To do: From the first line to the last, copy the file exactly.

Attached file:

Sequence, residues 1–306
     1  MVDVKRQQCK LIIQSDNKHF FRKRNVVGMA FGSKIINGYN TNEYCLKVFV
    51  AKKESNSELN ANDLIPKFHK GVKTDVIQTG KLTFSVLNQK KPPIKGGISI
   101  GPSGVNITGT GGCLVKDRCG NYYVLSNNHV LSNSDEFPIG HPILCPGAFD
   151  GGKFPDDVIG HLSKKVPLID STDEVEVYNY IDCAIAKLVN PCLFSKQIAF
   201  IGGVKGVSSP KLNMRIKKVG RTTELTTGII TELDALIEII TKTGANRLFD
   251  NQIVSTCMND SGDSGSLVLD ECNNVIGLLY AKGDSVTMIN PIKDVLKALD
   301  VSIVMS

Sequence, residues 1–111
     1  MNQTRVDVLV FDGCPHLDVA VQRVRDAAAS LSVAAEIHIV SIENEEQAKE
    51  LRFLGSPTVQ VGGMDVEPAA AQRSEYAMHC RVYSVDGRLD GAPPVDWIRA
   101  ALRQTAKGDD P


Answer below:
Sequence, residues 1–306
     1  MVDVKRQQCK LIIQSDNKHF FRKRNVVGMA FGSKIINGYN TNEYCLKVFV
    51  AKKESNSELN ANDLIPKFHK GVKTDVIQTG KLTFSVLNQK KPPIKGGISI
   101  GPSGVNITGT GGCLVKDRCG NYYVLSNNHV LSNSDEFPIG HPILCPGAFD
   151  GGKFPDDVIG HLSKKVPLID STDEVEVYNY IDCAIAKLVN PCLFSKQIAF
   201  IGGVKGVSSP KLNMRIKKVG RTTELTTGII TELDALIEII TKTGANRLFD
   251  NQIVSTCMND SGDSGSLVLD ECNNVIGLLY AKGDSVTMIN PIKDVLKALD
   301  VSIVMS

Sequence, residues 1–111
     1  MNQTRVDVLV FDGCPHLDVA VQRVRDAAAS LSVAAEIHIV SIENEEQAKE
    51  LRFLGSPTVQ VGGMDVEPAA AQRSEYAMHC RVYSVDGRLD GAPPVDWIRA
   101  ALRQTAKGDD P